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Thompson says America must "unchoose" policies that have led to mass incarceration

Axinn says new data on campus rape will "allow students to see for themselves the full extent of this problem"

Frey says white population is growing in Detroit and other large cities


Susan Murphy to speak at U-M kickoff for data science initiative, Oct 6, Rackham

Andrew Goodman-Bacon, former trainee, wins 2015 Nevins Prize for best dissertation in economic history

Deirdre Bloome wins ASA award for work on racial inequality and intergenerational transmission

Bob Willis awarded 2015 Jacob Mincer Award for Lifetime Contributions to the Field of Labor Economics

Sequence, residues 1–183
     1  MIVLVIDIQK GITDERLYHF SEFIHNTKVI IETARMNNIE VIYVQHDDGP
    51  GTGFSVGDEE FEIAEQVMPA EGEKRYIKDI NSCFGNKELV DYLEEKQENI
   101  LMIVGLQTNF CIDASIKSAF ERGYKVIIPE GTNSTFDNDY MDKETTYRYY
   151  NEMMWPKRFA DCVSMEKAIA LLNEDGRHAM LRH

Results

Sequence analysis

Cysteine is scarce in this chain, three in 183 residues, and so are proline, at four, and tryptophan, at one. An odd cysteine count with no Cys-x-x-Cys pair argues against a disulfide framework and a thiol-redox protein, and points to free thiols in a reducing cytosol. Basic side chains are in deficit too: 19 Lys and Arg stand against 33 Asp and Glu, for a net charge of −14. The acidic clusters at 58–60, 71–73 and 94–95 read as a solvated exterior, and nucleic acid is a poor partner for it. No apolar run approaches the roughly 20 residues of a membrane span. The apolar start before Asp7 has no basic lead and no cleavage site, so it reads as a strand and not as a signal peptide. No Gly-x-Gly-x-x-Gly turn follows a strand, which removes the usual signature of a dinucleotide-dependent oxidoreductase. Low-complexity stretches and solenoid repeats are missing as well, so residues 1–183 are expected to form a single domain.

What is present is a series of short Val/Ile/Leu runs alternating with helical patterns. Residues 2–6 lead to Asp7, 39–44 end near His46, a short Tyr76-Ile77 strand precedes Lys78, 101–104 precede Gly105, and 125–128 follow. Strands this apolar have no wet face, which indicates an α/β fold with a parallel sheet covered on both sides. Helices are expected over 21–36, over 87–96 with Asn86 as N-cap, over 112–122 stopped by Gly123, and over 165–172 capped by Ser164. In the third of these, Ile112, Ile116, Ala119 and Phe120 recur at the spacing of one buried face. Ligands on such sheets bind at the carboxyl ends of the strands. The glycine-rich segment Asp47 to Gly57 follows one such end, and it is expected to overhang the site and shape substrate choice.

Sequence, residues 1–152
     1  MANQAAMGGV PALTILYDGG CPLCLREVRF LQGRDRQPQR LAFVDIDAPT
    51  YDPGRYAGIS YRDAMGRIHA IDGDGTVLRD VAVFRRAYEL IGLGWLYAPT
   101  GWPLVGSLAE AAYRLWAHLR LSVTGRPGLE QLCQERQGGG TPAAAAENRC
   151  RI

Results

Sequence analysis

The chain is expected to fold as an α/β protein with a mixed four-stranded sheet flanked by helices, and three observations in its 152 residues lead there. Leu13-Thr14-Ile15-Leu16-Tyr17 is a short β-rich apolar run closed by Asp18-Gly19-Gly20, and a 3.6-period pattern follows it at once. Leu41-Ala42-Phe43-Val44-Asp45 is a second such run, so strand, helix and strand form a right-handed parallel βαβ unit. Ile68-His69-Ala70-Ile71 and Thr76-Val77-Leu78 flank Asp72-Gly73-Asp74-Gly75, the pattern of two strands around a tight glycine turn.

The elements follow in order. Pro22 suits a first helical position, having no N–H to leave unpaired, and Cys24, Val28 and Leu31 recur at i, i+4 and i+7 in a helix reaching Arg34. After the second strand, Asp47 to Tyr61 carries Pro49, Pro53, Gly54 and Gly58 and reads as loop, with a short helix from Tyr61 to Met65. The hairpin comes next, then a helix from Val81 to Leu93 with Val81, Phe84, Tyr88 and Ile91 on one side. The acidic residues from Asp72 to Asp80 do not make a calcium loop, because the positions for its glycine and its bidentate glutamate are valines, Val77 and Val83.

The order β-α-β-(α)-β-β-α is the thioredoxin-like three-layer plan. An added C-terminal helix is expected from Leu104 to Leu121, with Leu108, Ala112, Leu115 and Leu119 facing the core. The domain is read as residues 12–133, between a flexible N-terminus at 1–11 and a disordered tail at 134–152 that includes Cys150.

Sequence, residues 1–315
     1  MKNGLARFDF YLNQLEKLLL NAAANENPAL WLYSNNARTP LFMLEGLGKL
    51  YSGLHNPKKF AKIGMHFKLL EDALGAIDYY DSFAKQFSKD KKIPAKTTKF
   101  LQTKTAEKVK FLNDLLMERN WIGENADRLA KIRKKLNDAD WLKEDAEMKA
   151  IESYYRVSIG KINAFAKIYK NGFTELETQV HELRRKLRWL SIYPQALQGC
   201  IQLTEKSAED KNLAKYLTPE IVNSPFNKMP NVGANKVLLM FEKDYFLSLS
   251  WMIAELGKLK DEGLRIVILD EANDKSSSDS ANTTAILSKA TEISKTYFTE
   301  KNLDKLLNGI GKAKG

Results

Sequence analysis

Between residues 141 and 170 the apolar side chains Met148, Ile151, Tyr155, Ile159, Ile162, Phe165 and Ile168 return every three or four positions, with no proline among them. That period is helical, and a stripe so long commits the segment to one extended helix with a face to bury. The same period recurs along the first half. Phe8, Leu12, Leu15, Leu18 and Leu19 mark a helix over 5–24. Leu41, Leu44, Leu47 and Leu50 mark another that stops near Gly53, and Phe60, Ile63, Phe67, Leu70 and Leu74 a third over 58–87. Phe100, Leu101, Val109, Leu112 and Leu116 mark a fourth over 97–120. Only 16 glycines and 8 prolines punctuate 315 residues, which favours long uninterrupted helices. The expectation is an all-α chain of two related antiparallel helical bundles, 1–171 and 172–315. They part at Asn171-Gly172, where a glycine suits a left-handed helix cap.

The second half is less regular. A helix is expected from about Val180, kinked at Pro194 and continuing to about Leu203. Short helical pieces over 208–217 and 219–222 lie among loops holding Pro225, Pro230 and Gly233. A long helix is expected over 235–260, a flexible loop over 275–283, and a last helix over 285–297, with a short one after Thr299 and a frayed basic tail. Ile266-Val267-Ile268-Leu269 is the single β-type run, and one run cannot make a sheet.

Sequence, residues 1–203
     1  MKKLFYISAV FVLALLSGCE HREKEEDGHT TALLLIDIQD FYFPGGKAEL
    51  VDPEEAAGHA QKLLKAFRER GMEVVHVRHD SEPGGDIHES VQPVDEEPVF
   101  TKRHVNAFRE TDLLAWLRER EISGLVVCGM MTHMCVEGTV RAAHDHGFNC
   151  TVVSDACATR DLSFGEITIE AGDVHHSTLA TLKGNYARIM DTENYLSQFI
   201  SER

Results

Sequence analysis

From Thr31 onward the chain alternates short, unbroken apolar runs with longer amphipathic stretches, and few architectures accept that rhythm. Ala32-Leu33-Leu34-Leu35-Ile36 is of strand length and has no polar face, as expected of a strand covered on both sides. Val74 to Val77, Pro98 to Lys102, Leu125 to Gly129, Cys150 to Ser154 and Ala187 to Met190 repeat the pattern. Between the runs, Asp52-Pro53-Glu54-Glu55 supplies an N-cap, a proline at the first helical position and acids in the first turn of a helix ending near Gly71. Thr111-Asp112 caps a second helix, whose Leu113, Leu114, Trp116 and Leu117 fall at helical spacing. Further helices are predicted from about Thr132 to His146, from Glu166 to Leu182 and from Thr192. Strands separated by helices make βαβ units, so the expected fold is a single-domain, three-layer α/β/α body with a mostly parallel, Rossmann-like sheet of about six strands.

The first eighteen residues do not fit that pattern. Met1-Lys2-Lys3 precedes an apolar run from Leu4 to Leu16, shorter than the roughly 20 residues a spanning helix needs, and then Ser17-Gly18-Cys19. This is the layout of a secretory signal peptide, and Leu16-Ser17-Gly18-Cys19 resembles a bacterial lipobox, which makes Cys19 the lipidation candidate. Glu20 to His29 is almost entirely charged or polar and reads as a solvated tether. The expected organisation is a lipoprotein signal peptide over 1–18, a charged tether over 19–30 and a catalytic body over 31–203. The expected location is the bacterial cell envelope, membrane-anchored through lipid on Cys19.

Next Brown Bag

Monday, Oct 5 at noon, 6050 ISR
Colter Mitchell: Biological consequences of poverty

Using the EITC to Help Poor Families: New Evidence and a Comparison With the Minimum Wage

Archived Abstract of Former PSC Researcher

Neumark, David, and W. Wascher. 2001. "Using the EITC to Help Poor Families: New Evidence and a Comparison With the Minimum Wage." National Tax Journal, 54(2): 281-317.

This paper evaluates the effects of the earned income tax credit (EITC) on poor families' earnings. Exploiting state-level variation in EITCs, we find that the EITC helps families rise above poverty-level earnings, primarily by inducing labor market entry in families that initially do not have an adult worker. Evidence based on the federal EITC is less supportive of a positive impact of the EITC. Finally, based on the slate-level EITC results, our findings suggest that for the range of policy changes typical of recent history in the U.S., the EITC is move beneficial for poor families than is the minimum wage.

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